Where cultural heritage, climate adaptation and Sustainable Forest Management meet: the Carpathian Mountain Forests

Our Romanian case study, representative of Carpathian Mountain Forests, is embedded in a complex socio-cultural context. The Râșca Forest District is situated in a region in Romania that is home to several historical monasteries, hermitage sites and a UNESCO World Heritage Site. INFORMA’s research in the area, led by the University Stefan cel Mare of Suceava (USV), will create new approaches to climate-adapted forest management that take stakeholders’ needs and perspectives into account. Keep reading to find out more about the case study!

The Râșca Forest District is located in the Eastern part of the Carpathian Mountains, in an area of 13,000 ha owned by the state and managed by the Râșca Forest District Administration, a part of the Romanian National Forest Administration. There, traditional communities live in close proximity to the forest and many residents rely on it for their income, generated by forestry, the tourism and wood sectors and other forest-related activities such as selling firewood, handcrafted furniture and sculptures of religious items.

The broadleaved and coniferous forests in the district consist mostly of beech, Norway spruce, and silver fir, both in mixed and pure forest stands. Damages caused by windstorms and pest disturbances, as well as the lack of forest management infrastructure (such as roads), are the most relevant management challenges currently faced in the area. As climate change increases the frequency of forest disturbances, the adaptation of management approaches to new climate scenarios will be required – a mission to be tackled by INFORMA.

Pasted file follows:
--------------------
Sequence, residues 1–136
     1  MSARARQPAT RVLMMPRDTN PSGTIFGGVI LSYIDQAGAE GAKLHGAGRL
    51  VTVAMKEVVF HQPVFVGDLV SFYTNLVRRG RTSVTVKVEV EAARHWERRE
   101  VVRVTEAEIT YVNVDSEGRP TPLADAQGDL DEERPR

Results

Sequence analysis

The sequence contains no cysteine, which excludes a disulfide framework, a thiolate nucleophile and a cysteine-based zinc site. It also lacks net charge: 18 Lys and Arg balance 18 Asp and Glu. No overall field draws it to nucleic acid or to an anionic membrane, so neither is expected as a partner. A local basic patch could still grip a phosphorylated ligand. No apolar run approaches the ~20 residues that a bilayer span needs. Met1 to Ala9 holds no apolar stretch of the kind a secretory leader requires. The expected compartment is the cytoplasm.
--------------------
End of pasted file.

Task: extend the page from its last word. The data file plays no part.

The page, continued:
Romanian forests are classified into three main management types: strictly protected forests, where no wood harvest is allowed; production forests and protected forests. In protected forests, the main management objective is to deliver ecosystem services, which vary from area to area, for instance, water and soil protection, protection against climate change impacts, scientific interest, and biodiversity conservation. More than 26,7% of state-owned forests belong to the soil protection category.

In productive forests, the regular management is based on long rotation periods of over 120 years. Natural regeneration is obtained using both shelterwood cutting – a timber harvesting method focused on establishing forest regeneration – and group selection, which results in the removal of small groups of trees.  Consequently, the aboveground biomass stored in these forests is quite high. Within the Râșca Forest District, an area of 1,000 hectares is managed with a lower harvesting intensity than average, in order to protect it against soil erosion.

There are two municipalities in the Râșca river basin: Râșca and Bogdanesti, with 9000 inhabitants. The area, however, has been to some extent affected by rural exodus and migration of workers abroad, a tendency impacting the entire region.

The most important benefits of forests are the ecosystem services delivered to the community and society in general. Climate change affects forest resources and might impact culturally and economically important plant and animal species, which in turn affects the community development, culture and economy. Large-scale disturbances such as windthrows are expected, with consequences on forestry and the wood industry. Forests also have socio-ecological importance and climate changes can shape the effectiveness of forests protection. Therefore, INFORMA’s research in the Romanian case study should bring information needed to proactively adopt management measures able to preserve the current level of the ecosystem services delivery.